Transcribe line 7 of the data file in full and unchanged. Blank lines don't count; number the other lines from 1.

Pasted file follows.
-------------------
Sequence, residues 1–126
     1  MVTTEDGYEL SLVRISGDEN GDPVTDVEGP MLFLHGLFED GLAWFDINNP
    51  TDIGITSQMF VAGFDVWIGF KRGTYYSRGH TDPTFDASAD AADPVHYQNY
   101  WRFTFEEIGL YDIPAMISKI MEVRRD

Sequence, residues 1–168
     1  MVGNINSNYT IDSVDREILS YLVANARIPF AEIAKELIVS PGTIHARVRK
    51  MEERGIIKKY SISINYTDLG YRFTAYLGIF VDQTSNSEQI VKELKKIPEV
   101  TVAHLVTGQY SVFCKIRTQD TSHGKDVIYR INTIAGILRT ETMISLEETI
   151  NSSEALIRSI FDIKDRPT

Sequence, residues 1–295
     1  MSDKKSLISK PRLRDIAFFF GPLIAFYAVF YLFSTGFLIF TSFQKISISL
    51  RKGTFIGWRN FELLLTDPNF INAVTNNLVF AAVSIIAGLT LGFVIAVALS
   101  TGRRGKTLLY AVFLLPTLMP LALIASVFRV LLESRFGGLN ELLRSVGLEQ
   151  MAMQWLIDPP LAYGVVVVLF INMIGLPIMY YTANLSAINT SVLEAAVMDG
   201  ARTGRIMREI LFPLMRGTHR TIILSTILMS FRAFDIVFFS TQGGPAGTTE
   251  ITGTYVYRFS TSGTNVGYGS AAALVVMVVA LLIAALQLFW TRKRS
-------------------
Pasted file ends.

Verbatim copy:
    51  MEERGIIKKY SISINYTDLG YRFTAYLGIF VDQTSNSEQI VKELKKIPEV